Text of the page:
The checkout page is the final stage of your customer’s online buying journey, but is arguably the most important one. It is where they will confirm their purchase, meaning another user you can safely say has ‘converted’ into a sale. Although ads, landing pages and everything that comes before the checkout are just as important to moving the customer along the purchase funnel, the checkout is your store’s moment of truth.
At the start of 2019, the Baymard Institute aggregated results from 41 studies to work out an average figure for ecommerce cart abandonment rate. It was stated within the report that the average figure stands at 69.57%. This means that only an approximated 30% of users who add items to their cart and reach your checkout page will end up purchasing.
Considering this figure, there is no need to freak out over a seemingly large proportion of people abandoning your site on the checkout page.
Why do users abandon ship on the checkout page?
According to US consumer research, some of the top reasons for abandoning a cart on the checkout page are as follows:
- Shipping rates become added on to the total price of the order, and it gets too expensive.
- Customers want to reach the checkout page to know your final price, before heading to other sites to compare.
- The order did not qualify for free shipping.
Customers should be expected to shop around for the best deals, so include a feature that will keep yours front of mind, or even prevent them from needing to look elsewhere. They also won’t be best pleased if unexpected costs rear their ugly head during the checkout process. Apart from these more obvious fixes, what else can be done to ensure a well-converting checkout page?
How to design a killer checkout page
There are definitely things you can implement in order to improve your chances of increasing checkout page conversion, however. Let’s take a look at some of the most well-researched tactics.
#1) Test a single-page checkout
Checkout processes that span several pages are more at risk of losing the customer. It is well-known that the more clicks a customer needs to make, the more likely they are to drop off. If you can work product, shipping, and payment information into the one page, you might be onto a winner.
If you must have a multi-page checkout for whatever reason, give your shopper a visual progress indicator to show them what step they’re in. This at least gives them some sense of how many steps they have left in the checkout process, alleviating any frustration over the multi-step interface.
#2) Make sure the checkout is a secure experience
With more people becoming increasingly aware of online fraud, security signals are your best bet for ensuring a potential buyer isn’t thrown off by fears over their data. Some of the security features most people would look for on a product page include the padlock symbol in the HTML bar, or security badges from the likes of McAfee.
With almost half of Americans having fallen victim to credit card fraud over the last five years, you need to make sure that your checkout page is a place where everyone can feel their payment details and personal data are secure.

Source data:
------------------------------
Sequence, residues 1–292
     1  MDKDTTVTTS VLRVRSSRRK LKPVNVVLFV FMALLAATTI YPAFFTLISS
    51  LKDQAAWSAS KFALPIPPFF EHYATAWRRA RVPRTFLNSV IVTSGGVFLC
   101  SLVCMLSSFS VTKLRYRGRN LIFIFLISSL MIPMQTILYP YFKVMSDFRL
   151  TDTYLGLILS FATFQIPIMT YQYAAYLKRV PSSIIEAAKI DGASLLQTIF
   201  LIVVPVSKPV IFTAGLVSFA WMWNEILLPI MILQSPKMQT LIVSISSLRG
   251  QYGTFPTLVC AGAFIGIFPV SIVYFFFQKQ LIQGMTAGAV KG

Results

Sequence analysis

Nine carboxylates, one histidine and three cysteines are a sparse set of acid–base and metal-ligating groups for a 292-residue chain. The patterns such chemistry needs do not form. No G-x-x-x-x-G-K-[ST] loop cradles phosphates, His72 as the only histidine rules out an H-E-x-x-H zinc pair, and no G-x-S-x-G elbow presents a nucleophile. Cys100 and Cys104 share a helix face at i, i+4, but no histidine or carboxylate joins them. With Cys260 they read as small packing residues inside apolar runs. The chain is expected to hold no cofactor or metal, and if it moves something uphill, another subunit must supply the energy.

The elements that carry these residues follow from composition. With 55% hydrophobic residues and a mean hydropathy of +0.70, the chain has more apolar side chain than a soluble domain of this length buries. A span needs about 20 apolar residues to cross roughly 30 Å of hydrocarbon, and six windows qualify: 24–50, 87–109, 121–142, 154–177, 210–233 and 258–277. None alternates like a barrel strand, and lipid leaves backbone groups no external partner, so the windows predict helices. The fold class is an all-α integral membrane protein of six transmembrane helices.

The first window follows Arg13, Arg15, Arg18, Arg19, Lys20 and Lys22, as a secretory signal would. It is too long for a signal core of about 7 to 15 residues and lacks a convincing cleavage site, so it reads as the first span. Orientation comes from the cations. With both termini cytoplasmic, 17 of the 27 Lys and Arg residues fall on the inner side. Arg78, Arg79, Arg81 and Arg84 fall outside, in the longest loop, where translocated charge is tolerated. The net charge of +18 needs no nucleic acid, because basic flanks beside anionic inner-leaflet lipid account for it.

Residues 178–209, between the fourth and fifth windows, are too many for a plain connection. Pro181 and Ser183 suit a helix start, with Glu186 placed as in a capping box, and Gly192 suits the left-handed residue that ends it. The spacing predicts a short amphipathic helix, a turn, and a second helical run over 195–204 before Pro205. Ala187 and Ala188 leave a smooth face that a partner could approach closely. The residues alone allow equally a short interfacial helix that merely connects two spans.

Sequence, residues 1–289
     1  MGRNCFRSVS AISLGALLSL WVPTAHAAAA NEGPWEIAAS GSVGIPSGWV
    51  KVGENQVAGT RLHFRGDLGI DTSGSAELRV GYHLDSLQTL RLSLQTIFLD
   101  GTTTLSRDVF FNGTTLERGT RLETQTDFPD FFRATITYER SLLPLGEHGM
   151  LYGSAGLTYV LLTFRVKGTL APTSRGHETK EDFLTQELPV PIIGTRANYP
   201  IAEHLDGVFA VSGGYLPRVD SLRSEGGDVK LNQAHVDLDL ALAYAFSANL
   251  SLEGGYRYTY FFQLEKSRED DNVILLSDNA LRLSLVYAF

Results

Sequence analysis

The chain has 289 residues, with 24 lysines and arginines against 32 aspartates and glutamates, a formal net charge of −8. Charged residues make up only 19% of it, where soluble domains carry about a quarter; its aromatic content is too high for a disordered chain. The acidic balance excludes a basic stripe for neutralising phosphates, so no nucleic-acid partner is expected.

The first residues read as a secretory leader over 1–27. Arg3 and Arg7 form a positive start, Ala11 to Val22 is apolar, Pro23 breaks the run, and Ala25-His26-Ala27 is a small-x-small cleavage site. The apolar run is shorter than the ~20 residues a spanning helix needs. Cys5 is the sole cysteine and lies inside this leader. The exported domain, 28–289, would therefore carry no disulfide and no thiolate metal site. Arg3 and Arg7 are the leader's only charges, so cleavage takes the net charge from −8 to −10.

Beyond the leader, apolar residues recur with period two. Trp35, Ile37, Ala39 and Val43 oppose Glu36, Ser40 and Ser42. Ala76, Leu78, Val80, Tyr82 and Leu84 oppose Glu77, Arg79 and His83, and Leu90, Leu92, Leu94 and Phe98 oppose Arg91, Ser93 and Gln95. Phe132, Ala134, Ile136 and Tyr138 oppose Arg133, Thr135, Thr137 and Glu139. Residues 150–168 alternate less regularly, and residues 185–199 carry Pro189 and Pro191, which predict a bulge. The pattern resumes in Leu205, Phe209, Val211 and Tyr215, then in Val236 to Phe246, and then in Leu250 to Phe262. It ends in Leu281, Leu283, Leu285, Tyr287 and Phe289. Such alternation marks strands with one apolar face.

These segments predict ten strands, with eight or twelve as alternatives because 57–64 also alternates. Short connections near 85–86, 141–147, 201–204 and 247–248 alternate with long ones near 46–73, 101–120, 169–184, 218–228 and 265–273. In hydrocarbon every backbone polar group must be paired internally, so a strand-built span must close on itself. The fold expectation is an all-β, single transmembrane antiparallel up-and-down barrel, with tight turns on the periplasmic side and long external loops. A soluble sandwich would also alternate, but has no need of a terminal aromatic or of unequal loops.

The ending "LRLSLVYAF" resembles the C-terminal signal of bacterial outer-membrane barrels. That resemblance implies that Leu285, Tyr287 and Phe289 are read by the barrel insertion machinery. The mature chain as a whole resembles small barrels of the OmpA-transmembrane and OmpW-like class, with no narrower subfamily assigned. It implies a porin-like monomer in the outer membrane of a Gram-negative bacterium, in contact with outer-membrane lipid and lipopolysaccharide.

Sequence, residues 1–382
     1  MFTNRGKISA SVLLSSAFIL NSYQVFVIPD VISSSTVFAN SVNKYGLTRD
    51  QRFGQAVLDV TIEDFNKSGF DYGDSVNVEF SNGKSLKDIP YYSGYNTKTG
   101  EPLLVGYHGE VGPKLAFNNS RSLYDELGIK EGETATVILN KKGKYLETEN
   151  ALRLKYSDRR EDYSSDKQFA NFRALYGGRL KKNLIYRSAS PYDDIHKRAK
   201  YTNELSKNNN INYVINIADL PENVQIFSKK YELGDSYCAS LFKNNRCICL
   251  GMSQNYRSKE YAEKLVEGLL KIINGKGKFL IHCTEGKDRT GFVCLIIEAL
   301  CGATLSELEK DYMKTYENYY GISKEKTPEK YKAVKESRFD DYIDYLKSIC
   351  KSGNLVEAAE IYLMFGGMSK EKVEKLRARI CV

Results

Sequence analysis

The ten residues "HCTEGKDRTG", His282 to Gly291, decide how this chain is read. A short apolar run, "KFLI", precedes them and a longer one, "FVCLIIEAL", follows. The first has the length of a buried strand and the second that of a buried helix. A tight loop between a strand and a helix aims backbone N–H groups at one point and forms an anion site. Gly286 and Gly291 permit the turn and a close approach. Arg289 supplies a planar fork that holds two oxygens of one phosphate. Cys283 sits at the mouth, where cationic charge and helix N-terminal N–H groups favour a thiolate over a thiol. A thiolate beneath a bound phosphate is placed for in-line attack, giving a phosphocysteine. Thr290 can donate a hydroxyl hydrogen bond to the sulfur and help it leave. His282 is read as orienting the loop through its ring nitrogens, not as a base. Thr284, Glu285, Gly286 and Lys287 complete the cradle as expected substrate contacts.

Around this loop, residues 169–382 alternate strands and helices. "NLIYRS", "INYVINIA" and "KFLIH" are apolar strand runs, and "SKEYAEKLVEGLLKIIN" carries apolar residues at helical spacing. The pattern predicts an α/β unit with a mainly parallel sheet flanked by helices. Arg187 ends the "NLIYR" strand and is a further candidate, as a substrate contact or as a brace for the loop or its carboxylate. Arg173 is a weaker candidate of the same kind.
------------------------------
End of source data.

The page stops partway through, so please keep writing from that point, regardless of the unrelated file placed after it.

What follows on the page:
A secure checkout experience fosters trust, which is one of the pillars of conversion.
#3) Give the option of a guest checkout
By not forcing users to create an account with you, you can eliminate the problem caused by the second largest bar in the chart below.
As tempting as it is to gather as much information about the people who browse your site, you can collect email addresses later. Showing users a sign-up page just before they are about to checkout is a huge disruption, and something which a large portion of people aren’t prepared to go through.
#4) Be flexible with your payment options
It won’t serve you well only to offer payment via one type of card. If a user wants to purchase a product but they cannot see their preferred payment method listed, they likely won’t take their interest any further. Make sure to accommodate alternative payment options like PayPal or Stripe – these are increasingly popular.
#5) Limit form fields to only necessary information
If you do present your shopper with a form to fill, only include the important bits. A customer that catches a scent of unnecessary form fields for advertising metric gain, is only going to repay you by closing their browser. Keep things limited to name, delivery information and email address.
#6) Save your upsells for afterwards
Post-purchase upsells are given that name for a reason. You really don’t want to distract a customer on the brink of purchase with a couple of different offers, before they have even finalized the primary transaction. This could only end up clouding their vision and sending them off to other sites in the name of comparison.
Testing is crucial
None of the tips mentioned throughout this article are guaranteed quick-fixes to your checkout page’s conversion rates. Simply put, they are well-researched ideas which have been proven to raise checkout conversion rates on many ecommerce sites. In order to achieve the same effect on your site, monitoring key statistics while you implement and test changes will be the answer.
To get a clear idea of how your changes perform, ensure that you test mobile performance as well as desktop. Many people now browse ecommerce stores from their mobiles, so you will want to nail down the checkout page on this platform too.
Author Bio: Ellie Batchiyska is a PR Coordinator for Conversion Giant, a digital marketing agency that specializes in conversion rate optimization for a variety of ecommerce clients across the U.S.